NEW YORK — Americans' love affair with top-shelf booze cooled last year as the recession took a toll on high-priced tipples.
People drank more liquor but turned to cheaper brands, according to a report by an industry group. They also drank more at home and less in pricier bars and restaurants in an effort to save money.
Industry growth slowed in 2009, with the amount of liquor sold by suppliers up 1.4 percent. That's the smallest increase since 2001 and below the 10-year average of 2.6 percent.
The lowest-priced segment, with brands such as Popov vodka that can go for less than $10 for a fifth, grew the fastest, with volume rising 5.5 percent, after edging up 0.6 percent in 2008. Meanwhile, the most expensive brands, priced roughly $30 or more for a 750 ml bottle (think Grey Goose, owned by Bacardi), fell the most, tumbling 5.1 percent.
Liquor suppliers reported flat total revenue of $18.7 billion last year, the Distilled Spirits Council of the United States said in its report Tuesday.
Kenneth Jolly of Milwaukee has been swapping his favorite liquors such Patron tequila, for cheaper brands such as Jose Cuervo. For him, it's simple math.
"If you consume a lot on a regular basis and you have people come to your house, you have to adjust," said Jolly, a 27-year-old network technician in Milwaukee who buys liquor every other week. "If your body can take it, you might as well buy the cheaper liquor."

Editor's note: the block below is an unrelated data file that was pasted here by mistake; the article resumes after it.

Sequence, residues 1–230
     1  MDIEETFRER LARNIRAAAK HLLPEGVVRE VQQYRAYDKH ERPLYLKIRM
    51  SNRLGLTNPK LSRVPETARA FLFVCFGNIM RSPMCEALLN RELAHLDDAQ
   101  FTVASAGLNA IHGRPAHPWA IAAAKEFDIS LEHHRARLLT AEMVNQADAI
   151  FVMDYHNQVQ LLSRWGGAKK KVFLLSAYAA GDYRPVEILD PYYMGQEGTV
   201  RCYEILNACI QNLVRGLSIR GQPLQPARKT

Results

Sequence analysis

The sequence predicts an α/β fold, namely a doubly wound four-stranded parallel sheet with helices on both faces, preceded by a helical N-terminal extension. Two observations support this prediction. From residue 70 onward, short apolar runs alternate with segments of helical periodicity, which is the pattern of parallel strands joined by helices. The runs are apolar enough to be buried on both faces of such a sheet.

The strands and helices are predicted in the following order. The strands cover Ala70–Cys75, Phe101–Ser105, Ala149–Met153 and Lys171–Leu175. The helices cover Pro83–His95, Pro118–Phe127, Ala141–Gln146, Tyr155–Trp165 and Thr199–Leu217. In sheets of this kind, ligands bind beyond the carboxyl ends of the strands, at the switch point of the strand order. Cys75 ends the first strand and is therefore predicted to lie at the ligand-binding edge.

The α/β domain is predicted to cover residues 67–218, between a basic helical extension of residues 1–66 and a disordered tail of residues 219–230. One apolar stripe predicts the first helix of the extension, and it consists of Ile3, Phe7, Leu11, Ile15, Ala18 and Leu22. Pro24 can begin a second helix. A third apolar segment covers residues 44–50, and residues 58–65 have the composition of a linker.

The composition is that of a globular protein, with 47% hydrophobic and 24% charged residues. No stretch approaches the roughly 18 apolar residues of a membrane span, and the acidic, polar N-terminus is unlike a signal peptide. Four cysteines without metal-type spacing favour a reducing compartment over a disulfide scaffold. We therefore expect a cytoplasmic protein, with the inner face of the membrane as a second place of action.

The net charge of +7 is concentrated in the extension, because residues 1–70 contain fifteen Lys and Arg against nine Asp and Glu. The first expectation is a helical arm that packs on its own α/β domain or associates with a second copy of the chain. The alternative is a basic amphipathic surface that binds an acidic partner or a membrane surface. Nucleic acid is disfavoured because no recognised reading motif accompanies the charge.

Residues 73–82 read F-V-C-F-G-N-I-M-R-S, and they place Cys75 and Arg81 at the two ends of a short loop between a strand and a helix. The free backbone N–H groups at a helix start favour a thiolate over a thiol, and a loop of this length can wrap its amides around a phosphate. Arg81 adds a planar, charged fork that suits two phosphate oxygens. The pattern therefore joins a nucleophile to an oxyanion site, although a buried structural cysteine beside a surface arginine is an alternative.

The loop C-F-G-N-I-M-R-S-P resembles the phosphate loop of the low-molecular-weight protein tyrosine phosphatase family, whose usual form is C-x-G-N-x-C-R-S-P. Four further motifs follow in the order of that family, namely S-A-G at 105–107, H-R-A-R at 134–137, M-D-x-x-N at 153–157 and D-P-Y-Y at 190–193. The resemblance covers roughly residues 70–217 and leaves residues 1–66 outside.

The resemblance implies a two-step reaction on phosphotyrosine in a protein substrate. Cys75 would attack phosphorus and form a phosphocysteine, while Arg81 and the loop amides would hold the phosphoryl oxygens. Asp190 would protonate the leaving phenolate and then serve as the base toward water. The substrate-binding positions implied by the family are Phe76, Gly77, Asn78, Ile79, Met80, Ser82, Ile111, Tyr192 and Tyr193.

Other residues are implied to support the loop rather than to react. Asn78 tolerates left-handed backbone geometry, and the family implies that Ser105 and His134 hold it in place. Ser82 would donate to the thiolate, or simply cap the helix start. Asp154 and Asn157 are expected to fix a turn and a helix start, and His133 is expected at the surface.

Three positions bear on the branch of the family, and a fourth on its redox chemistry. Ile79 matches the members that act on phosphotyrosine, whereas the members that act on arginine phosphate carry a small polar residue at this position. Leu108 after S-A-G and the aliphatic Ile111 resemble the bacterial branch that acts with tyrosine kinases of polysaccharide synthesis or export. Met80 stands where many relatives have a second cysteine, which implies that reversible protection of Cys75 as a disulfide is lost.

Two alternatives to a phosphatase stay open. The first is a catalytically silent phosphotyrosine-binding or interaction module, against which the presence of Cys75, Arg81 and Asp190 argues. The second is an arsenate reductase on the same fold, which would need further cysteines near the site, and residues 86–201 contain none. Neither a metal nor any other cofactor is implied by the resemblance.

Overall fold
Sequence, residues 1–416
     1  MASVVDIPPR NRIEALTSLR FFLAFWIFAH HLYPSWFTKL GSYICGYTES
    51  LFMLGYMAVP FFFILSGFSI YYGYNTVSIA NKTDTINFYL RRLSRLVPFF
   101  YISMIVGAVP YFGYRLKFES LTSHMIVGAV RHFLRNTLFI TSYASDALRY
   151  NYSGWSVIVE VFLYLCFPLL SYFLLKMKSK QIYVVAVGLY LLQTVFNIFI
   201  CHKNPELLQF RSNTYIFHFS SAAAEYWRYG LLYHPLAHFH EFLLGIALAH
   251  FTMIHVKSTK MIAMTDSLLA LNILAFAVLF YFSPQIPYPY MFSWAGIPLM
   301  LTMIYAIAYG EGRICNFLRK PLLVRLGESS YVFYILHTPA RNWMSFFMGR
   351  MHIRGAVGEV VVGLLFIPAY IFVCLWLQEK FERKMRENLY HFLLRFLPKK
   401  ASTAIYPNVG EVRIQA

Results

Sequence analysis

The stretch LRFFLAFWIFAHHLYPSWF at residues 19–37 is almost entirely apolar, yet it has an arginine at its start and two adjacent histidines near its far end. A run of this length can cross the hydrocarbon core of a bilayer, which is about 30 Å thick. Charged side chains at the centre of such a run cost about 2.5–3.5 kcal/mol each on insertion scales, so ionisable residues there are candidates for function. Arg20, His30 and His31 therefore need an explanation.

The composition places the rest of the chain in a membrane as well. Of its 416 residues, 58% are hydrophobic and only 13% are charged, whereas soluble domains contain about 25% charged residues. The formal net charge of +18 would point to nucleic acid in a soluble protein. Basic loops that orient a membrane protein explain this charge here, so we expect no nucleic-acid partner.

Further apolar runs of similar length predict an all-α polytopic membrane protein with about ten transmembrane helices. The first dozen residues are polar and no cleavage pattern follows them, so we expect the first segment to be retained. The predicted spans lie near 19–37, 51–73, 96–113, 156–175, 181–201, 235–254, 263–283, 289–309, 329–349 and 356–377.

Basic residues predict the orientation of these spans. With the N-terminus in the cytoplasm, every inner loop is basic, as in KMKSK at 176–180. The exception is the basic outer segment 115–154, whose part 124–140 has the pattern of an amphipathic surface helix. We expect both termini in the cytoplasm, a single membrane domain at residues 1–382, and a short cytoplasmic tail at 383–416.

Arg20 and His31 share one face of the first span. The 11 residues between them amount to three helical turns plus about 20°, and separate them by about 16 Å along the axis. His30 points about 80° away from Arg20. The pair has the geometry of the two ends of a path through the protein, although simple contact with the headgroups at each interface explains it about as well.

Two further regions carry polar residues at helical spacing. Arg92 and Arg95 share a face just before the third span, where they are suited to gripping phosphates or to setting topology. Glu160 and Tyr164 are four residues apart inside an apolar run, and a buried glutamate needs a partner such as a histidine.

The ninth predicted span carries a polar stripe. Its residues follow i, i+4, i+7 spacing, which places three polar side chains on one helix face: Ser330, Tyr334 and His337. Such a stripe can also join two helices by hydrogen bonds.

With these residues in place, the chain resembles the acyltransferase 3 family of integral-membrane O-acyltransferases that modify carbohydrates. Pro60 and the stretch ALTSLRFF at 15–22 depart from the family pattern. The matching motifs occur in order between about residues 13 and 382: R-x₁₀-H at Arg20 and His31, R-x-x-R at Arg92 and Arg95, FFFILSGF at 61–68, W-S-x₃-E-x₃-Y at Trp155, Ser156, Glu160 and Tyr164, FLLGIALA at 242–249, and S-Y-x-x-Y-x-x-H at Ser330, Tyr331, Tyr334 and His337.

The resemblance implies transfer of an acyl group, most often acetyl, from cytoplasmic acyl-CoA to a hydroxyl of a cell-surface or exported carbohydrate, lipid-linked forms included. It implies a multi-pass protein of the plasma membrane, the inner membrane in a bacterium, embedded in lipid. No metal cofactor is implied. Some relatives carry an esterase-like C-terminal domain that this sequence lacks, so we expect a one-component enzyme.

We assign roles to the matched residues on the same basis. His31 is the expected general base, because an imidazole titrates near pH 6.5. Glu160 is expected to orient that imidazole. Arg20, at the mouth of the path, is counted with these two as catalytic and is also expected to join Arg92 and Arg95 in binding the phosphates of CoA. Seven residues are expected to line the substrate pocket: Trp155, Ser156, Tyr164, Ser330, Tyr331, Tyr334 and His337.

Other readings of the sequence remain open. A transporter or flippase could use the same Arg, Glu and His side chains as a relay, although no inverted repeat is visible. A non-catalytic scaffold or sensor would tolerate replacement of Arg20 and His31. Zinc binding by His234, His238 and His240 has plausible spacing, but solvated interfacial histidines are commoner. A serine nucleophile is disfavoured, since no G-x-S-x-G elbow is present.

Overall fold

Sales in stores – which make up three-quarters of liquor sales – rose about 2.1 percent, while sales in restaurants fell 3 percent.
"People still want to entertain themselves, they still want to get together with family and friends, so a lot of people will move from a restaurant to their living room," to save money, council President Peter Cressy said.
Vodka remained Americans' favorite liquor. The $4.56 billion spent on vodka accounted for almost a third of all spirits sold.
Sales volume for the cheapest versions of tequila rose 21 percent, the fastest of any type of spirit. That's most likely because entertainers are using pre-made margarita mixes to serve at home, said David Ozgo, the council's chief economist. Plus you can mix it before guests arrive, so they don't know what brand you use, said Joan Holleran, director of research at research firm Mintel.
Cressy said the fact that people were still drinking more spirits bodes well for the industry, still recovering from a long decline from the 1980s through the mid-'90s, when liquor sales fell by a third as drinkers turned to beer. Since then, an ever-increasing array of expensive liquors have fueled rapid growth.
The industry's goal to keep people drinking spirits – no matter the price – and it can then get them to pay for higher-priced drinks when the economy recovers. Most major liquor manufacturers make brands in a variety of price ranges. For example, industry giant Diageo plc, based in London, makes vodka brand ranging from cheap Popov to midpriced Smirnoff to expensive Ketel One and Ciroc.
Mintel's Holleran expects people to start going out more this year, as they get bored staying home and want to treat themselves to little luxuries – like a night out. "You want to go out and have someone do all the work for you," Holleran said.
Of course, switching brands isn't the only way to economize.
Matt McCluskey, a 28-year-old researcher in Santa Monica, Calif., started buying most of his alcohol at Costco, trying to save money by buying bigger bottles. Now he spends $36 for 1.75 liters of Maker's Mark bourbon, rather than $25 for less than half that at his local liquor store.
"It's a lot harder to pour. That's the only drawback," he said.